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Vol. 89. Issue 6.
(November - December 2023)
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Vol. 89. Issue 6.
(November - December 2023)
Original article
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A new treatment for cervical dizziness
Cesar Bertoldo Garciaa,
Corresponding author

Corresponding author.
, Nedison Gomes Paim Alvesb, Roseli Saraiva Moreira Bittarc
a Faculdade de Medicina da Universidade de São Paulo (FMUSP), Pós-Graduação em Medicina, São Paulo, SP, Brazil
b Faculdade de Medicina da Universidade de São Paulo (FMUSP), Pós-Graduação em Ciências, São Paulo, SP, Brazil
c Hospital das Clínicas da Faculdade de Medicina da Universidade de São Paulo (HC/FMUSP), Departamento de Otorrinolaringologia, Setor de Otoneurologia, São Paulo, SP, Brazil

  • Dizziness is related to pain in patients diagnosed with Cervical Dizziness (CD).

  • Dizziness is related to muscle tension asymmetry in the CD.

  • The new treatment with carbon nanotubes is effective in treating patients with CD.

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Tables (3)
Table 1. Epidemiology of participants.
Table 2. Evolution of pain, dizziness, and muscle tension asymmetry over time.
Table 3. Frequency of imaging findings (XR, CT, and MRI) in the SG and CG.
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To verify the rates of heat effectiveness generated by Carbon Nanotubes (CNT) in the resolution of dizziness in individuals diagnosed with Cervical Dizziness (CD).


Randomized clinical trial was performed and samples from volunteers diagnosed with CD, divided into a Study Group (SG) and Control Group (CG). Patches containing CNT with thermotherapeutic effect were used in SG and inert patches in the CG. Treatment was performed over 30 days and measures of pain, dizziness and asymmetry of cervical muscle tension were evaluated over 60 days.


Pain, dizziness and asymmetry of cervical muscle tension were reduced in the SG. The variables analyzed in this study did not change in the CG.


Our results show that the therapeutic effect of heat was effective in the treatment of patients diagnosed with CD. We could also observe a clear interrelationship between pain and dizziness symptoms with the asymmetry of cervical muscle tension.

Level of evidence


Neck pain
Thermic treatment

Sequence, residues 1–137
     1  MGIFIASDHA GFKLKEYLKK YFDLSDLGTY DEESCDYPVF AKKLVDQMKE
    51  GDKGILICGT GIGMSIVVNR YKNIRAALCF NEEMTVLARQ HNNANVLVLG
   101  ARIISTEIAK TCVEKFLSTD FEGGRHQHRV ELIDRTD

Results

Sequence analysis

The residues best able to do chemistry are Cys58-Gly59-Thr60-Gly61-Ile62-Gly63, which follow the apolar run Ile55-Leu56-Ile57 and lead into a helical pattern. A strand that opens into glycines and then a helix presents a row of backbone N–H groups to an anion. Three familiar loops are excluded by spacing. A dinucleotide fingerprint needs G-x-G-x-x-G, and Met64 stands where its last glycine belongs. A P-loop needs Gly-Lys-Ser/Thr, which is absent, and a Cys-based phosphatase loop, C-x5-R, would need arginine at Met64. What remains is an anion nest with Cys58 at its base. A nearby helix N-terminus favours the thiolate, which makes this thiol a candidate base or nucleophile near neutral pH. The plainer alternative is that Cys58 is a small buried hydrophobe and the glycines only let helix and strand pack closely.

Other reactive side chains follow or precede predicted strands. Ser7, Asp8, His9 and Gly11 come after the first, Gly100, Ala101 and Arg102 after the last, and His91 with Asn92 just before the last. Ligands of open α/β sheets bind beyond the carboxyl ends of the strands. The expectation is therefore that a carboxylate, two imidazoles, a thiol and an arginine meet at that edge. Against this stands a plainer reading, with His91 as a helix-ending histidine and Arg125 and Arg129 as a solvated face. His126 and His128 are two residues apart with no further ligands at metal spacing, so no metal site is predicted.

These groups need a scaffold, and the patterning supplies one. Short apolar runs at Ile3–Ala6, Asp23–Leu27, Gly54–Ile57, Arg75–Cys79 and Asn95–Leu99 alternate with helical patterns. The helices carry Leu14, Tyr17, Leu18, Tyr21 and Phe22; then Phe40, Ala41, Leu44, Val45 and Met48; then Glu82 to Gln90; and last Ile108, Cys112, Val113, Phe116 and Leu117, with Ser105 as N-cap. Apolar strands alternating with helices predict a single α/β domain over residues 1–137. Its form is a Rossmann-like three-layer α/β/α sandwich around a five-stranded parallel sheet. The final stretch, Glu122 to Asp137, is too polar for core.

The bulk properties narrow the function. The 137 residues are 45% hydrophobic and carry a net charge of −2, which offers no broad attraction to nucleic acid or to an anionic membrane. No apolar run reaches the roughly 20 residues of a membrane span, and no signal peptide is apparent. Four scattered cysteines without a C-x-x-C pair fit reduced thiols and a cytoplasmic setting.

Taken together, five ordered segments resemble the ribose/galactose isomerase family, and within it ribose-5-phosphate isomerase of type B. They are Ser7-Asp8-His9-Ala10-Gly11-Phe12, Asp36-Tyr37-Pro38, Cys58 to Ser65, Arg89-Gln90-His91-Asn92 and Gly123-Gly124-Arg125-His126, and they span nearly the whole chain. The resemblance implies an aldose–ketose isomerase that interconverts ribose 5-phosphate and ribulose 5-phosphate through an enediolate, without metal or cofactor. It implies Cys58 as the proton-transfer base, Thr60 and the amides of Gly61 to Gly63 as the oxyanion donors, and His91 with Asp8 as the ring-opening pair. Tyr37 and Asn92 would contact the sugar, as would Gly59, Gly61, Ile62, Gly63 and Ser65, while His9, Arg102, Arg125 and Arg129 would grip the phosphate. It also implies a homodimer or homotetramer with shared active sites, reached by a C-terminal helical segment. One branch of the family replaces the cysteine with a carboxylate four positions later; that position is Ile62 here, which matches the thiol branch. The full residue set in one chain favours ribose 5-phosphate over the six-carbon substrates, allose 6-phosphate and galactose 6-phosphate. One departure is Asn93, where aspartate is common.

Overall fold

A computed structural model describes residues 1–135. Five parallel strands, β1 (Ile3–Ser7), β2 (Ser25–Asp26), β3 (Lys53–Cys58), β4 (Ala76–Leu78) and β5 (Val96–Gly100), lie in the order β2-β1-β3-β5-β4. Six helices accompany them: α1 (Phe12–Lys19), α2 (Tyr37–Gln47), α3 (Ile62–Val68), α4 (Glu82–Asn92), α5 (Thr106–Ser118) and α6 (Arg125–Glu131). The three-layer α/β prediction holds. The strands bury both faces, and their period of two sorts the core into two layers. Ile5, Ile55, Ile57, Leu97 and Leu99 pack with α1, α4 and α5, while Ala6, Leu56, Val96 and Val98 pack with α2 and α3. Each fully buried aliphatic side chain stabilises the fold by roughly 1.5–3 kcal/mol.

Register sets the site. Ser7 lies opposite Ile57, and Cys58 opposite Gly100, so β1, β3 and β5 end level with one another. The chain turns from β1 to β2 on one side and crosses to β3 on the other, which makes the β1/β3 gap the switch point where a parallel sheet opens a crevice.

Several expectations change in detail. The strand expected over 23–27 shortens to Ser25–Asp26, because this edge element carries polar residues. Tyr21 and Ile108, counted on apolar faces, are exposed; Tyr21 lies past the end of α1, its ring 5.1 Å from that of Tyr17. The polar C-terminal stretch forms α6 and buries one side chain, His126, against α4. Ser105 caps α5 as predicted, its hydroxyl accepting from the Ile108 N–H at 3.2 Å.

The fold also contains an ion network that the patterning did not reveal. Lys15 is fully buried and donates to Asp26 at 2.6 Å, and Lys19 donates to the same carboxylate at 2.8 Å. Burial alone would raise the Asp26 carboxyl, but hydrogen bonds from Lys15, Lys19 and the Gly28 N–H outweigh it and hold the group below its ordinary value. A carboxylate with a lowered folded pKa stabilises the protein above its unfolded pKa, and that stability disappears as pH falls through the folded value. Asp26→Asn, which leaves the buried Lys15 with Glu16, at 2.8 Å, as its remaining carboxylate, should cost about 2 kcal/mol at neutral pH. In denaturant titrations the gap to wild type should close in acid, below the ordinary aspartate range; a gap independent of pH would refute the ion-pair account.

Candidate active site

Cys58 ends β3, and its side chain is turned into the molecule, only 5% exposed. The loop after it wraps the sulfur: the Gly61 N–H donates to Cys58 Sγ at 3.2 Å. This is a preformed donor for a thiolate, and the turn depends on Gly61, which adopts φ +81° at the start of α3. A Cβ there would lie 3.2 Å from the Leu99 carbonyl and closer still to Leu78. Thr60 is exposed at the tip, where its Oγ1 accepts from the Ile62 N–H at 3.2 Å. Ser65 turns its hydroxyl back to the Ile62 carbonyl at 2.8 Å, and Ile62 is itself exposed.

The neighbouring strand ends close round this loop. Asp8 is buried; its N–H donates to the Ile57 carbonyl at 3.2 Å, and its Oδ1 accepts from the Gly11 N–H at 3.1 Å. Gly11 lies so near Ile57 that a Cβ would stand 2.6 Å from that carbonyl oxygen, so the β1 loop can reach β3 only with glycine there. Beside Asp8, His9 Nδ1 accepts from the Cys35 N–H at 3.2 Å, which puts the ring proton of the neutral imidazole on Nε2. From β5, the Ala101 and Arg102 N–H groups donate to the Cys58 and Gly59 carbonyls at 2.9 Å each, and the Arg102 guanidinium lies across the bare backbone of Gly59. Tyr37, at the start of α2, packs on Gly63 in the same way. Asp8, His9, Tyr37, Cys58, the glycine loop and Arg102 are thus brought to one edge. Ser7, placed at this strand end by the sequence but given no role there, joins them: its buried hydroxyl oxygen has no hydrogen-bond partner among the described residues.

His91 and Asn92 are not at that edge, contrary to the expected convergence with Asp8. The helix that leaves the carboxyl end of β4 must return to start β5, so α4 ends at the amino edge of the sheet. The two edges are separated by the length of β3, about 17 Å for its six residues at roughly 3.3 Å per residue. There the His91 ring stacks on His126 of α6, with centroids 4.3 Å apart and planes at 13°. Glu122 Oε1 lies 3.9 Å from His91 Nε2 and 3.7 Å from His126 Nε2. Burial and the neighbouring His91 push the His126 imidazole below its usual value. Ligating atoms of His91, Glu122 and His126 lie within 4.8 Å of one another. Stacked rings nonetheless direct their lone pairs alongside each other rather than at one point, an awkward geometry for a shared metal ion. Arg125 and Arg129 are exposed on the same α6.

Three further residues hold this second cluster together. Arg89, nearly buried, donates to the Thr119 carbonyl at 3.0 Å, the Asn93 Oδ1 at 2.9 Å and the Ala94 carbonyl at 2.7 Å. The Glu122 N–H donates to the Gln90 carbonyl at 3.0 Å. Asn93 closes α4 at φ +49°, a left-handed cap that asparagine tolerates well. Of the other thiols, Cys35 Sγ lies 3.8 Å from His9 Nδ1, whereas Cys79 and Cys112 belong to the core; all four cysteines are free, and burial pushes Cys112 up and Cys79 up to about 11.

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Cervical origin accounts for 7.5% of dizziness etiologies; it impacts quality of life and is a growing concern within the realm of community health.1 Its effect can be debilitating, causing mobility impairment, emotional disturbances, and reduced productivity.2 The diagnosis of Cervical Dizziness (CD) is challenging, as its symptoms overlap with other conditions, compounded by the absence of specific clinical or laboratory tests. Consequently, the described aspects require a meticulous and differentiated approach to CD.3

By definition, CD is a clinical syndrome characterized by the presence of cephalic signs and symptoms originating in the cervical segment.4 The observed symptoms are attributed to incongruence between erroneous information arising from cervical proprioceptors, present in tense muscles during cephalic movement, and the neural map previously established in the Central Nervous System (CNS).5 This information discrepancy leads to disorientation, fluctuation, or imbalance, lasting from minutes to hours,3,6 in addition to visual alterations and falls.7

Advancements in understanding the mechanisms involved in CD have facilitated the development of potential therapies. The use of manual therapy with positive outcomes in treatment has been described.8 Nonetheless, studies presenting proven effective long-term treatment options remain limited.9 In this context, the recent utilization of nanotechnology, involving the use of heat-generating coils in the form of patches, designated as Helical®, holds great promise. This is a mechanical device composed of an adhesive-coated active central disc, measuring 2cm in diameter. The active central region contains a coil composed of Carbon Nanotubes (CNT) arranged in a spiral, which, upon adhering to the skin, absorbs electromagnetic waves from tense musculature and dissipates them in the form of heat. The emitted heat raises the local temperature by 0.7–1.2°C.10,11 It is documented that the local metabolic rate increases by 10%–13% as a consequence of each Celsius degree elevation.12 The increase in metabolic function provides better nutrient supply, reduction of the inflammatory process, and elimination of toxins, resulting in muscle relaxation, pain relief, and localized stiffness alleviation. The effectiveness of the CNT in the treatment of cervical dizziness has also been proven good results in a study without a Control Group.13

This investigation had as its primary objective to analyze the role of CNT in relieving cervical pain and dizziness and to provide a new method to treat these disorders. In addition, the secondary objective was to evaluate how muscle tension asymmetry is associated with cervical pain and dizziness in patients diagnosed with CD.


This is a randomized, double-blind clinical trial. The research team consisted of two physicians, a coordinator, an executor, and a physiotherapist. Participant randomization into Study Group (SG) and Control Group (CG) was performed based on a randomization list by the coordinating physician. The executing physician, physiotherapist, and participants were blinded to treatment allocation, which involved the application of patches with active CNT or placebo. Placebo patches, inert in nature, were employed in the study and prepared to be visually indistinguishable in appearance, form, and packaging. Envelopes containing the patches for application were coded to conceal their identity from participants, the physiotherapist, and the executing physician. Furthermore, the subtle thermal alteration ensures that both the SG and the CG do not perceive any difference in the adhesive applied to their skin. The coordinating physician monitored the integrity of blinding throughout the study, ensuring the objectivity and reliability of results. This approach was fundamental, aiming to minimize potential bias in the study and thereby ensuring the validity of the obtained outcomes.